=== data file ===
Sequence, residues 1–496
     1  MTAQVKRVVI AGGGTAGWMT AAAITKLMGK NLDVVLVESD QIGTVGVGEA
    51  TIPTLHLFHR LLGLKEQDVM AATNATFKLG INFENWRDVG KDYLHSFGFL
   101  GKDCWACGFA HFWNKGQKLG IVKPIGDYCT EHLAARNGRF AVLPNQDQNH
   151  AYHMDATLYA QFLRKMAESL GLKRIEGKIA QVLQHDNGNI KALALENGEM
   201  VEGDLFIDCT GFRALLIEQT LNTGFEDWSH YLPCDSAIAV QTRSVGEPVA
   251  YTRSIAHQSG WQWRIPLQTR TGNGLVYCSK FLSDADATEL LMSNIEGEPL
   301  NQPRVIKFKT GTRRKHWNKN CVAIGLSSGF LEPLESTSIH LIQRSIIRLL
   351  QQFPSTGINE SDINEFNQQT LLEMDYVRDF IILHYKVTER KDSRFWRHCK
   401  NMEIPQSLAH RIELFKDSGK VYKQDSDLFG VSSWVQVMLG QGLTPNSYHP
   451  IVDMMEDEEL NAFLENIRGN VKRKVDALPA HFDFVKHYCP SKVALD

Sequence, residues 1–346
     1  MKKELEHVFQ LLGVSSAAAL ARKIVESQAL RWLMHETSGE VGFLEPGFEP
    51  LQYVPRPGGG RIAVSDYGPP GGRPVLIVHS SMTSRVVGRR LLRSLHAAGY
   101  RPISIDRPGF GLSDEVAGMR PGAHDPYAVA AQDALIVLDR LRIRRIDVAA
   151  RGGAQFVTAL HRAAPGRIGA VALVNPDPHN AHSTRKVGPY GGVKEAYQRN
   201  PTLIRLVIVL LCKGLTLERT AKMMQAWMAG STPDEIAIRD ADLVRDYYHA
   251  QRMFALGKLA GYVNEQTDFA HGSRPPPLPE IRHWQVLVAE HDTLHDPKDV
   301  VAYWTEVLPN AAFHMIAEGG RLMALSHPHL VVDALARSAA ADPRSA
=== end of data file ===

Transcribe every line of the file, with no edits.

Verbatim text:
Sequence, residues 1–496
     1  MTAQVKRVVI AGGGTAGWMT AAAITKLMGK NLDVVLVESD QIGTVGVGEA
    51  TIPTLHLFHR LLGLKEQDVM AATNATFKLG INFENWRDVG KDYLHSFGFL
   101  GKDCWACGFA HFWNKGQKLG IVKPIGDYCT EHLAARNGRF AVLPNQDQNH
   151  AYHMDATLYA QFLRKMAESL GLKRIEGKIA QVLQHDNGNI KALALENGEM
   201  VEGDLFIDCT GFRALLIEQT LNTGFEDWSH YLPCDSAIAV QTRSVGEPVA
   251  YTRSIAHQSG WQWRIPLQTR TGNGLVYCSK FLSDADATEL LMSNIEGEPL
   301  NQPRVIKFKT GTRRKHWNKN CVAIGLSSGF LEPLESTSIH LIQRSIIRLL
   351  QQFPSTGINE SDINEFNQQT LLEMDYVRDF IILHYKVTER KDSRFWRHCK
   401  NMEIPQSLAH RIELFKDSGK VYKQDSDLFG VSSWVQVMLG QGLTPNSYHP
   451  IVDMMEDEEL NAFLENIRGN VKRKVDALPA HFDFVKHYCP SKVALD

Sequence, residues 1–346
     1  MKKELEHVFQ LLGVSSAAAL ARKIVESQAL RWLMHETSGE VGFLEPGFEP
    51  LQYVPRPGGG RIAVSDYGPP GGRPVLIVHS SMTSRVVGRR LLRSLHAAGY
   101  RPISIDRPGF GLSDEVAGMR PGAHDPYAVA AQDALIVLDR LRIRRIDVAA
   151  RGGAQFVTAL HRAAPGRIGA VALVNPDPHN AHSTRKVGPY GGVKEAYQRN
   201  PTLIRLVIVL LCKGLTLERT AKMMQAWMAG STPDEIAIRD ADLVRDYYHA
   251  QRMFALGKLA GYVNEQTDFA HGSRPPPLPE IRHWQVLVAE HDTLHDPKDV
   301  VAYWTEVLPN AAFHMIAEGG RLMALSHPHL VVDALARSAA ADPRSA